Posted on: February 8, 2012 12:44 pm
Edited on: February 8, 2012 1:10 pm
Josh Hamilton is said to have been seeking a contract befitting a superstar before he went on his recent bender. Whether that means eight years, or $200 million, or something a bit south of that, he should put that idea out of his head right now.
Hamilton and the Rangers both said aloud that contract talks, which were expected to get going soon, will be tabled indefinitely while he and they try to figure out where he went wrong and how it happened. And that's perfectly appropriate. But even after he thinks he has it all figured out, Hamilton owes it to the team to offer to do a one-year deal with the Rangers. It can have team options if he likes, but only one year should be guaranteed under the circumstances.
Hamilton surely understands that if the Rangers don't give him a contract rewarding his incredible talent while ignoring the obvious major negative that someone else probably will. But Hamilton should also understand now he belongs in Texas and with the Rangers, who have guided him and backed him, and really, saved him. He owes them big. It is time he defers the dollars for some common sense.
The reality, of course, is that Hamilton or any other ballplaying millionaire making such a one-year proposal is probably about as likely as Texas seceding from the union. Still, it would be refreshing under the circumstances. It would also be the right thing to do.
Hamilton acknowledged he owed his wife and his team for what he has put them through, and here's his chance to show at least the team that that wasn't merely lip service. The Rangers saved him by trading for him and watching over him these past few years. They assigned Johnny Narron, a professional baseball man, to be his "accountability coach,'' and now, after Hamilton's own father-in-law Michael Dean Chadwick turned down the job, they have brought in Shayne Kelley, a former team chaplain and baseball coach with the Univeristy of Alabama, to handles duties that are far more difficult than most of us realize.
Hamilton performed masterfully at his press conference beyond his hat being on backwards, his failure to answer questions and his rather casual jog off stage. But one must ask themselves whether it is all or mostly an act. He looks like he's gotten off scot free, except for the delayed talks. What exactly are the repercussions? Rangers GM Jon Daniels has acknowledged that Hamilton is unlikely to face punishment from MLB for his episode, which included by his own admission "three or four''' alcoholic drinks before a return trip to the bar after promising concerned teammate Ian Kinsler he'd stay in the rest of the evening.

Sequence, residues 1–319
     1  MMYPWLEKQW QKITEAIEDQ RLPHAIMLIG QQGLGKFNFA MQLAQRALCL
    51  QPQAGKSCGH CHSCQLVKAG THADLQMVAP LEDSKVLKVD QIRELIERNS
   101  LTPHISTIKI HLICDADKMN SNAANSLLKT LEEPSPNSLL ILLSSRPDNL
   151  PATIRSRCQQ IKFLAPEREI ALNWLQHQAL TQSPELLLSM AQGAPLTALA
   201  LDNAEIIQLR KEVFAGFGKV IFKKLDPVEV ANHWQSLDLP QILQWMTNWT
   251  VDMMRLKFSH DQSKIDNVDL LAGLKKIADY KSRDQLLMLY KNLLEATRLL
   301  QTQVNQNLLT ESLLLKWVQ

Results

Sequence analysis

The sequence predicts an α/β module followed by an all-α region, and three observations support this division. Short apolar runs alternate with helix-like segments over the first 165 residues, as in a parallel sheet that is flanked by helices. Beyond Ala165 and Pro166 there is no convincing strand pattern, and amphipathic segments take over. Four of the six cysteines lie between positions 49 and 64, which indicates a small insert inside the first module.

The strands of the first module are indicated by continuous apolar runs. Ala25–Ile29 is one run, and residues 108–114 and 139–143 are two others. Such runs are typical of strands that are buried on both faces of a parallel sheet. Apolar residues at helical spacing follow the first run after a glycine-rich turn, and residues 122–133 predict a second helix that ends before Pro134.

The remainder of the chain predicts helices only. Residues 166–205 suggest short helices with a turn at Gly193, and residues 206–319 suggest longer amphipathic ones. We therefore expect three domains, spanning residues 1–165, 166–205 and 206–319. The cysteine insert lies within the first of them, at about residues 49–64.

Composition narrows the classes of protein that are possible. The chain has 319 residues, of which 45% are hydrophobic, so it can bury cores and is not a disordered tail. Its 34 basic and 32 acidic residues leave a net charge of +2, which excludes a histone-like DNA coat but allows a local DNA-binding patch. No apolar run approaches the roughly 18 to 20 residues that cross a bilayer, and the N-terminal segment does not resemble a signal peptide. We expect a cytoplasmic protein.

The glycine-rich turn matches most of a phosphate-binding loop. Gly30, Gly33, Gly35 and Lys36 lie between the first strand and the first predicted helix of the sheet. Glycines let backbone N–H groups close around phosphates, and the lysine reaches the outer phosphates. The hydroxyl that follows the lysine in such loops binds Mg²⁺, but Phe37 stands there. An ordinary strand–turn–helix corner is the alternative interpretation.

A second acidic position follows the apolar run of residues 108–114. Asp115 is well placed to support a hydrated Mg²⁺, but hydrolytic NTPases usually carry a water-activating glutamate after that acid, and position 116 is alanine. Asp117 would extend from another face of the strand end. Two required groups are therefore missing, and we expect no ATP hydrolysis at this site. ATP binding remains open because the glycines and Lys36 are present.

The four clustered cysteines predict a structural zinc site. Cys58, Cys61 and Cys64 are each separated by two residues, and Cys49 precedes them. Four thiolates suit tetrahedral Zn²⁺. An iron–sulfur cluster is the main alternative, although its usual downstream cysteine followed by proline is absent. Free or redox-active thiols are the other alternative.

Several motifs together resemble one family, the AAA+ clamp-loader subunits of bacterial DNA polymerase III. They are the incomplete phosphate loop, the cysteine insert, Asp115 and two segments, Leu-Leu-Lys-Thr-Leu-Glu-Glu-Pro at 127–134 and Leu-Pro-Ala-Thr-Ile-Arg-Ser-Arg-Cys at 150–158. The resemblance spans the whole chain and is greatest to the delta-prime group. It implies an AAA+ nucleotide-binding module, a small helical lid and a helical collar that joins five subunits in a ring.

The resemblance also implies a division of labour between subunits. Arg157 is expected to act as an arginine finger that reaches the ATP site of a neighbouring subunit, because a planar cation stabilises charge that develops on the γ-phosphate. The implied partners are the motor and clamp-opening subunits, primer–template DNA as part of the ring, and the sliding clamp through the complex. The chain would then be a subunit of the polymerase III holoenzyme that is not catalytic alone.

Hamilton acknoweldged that he, as an addict, is adept at fooling people about what's really going on. The whole back story of that night isn't known, nor is very much else known about his recovery. He is mandated, as a player who regained admission to MLB after being banned for continuing drug test failures, to take at least three drug tests a week. So at the very least, he has been staying off drugs. But this is the second alcoholic episode that's been documented.
It is time for him to give back to the team. Rangers officials say they passed on eight years for Fielder not to concentrate on Hamilton, that they just saw the price as too high and the length too long for Fielder. But Rangers owner Bob Simpson suggested it was unlikely they'd sign both longterm when he expressed his preference for Hamilton. That was merely one recent act of kindness the Rangers have shown Hamilton over the years. They have saved his career. Now, as he suggested in his press conference, it is time for him to repay.
Posted on: February 3, 2012 3:02 pm
Edited on: February 3, 2012 9:23 pm
The Rangers have hired a new "accountability coach'' for Josh Hamilton, who will try to make sure what happened Monday never happens again. Their heart is in the right place. And so is his.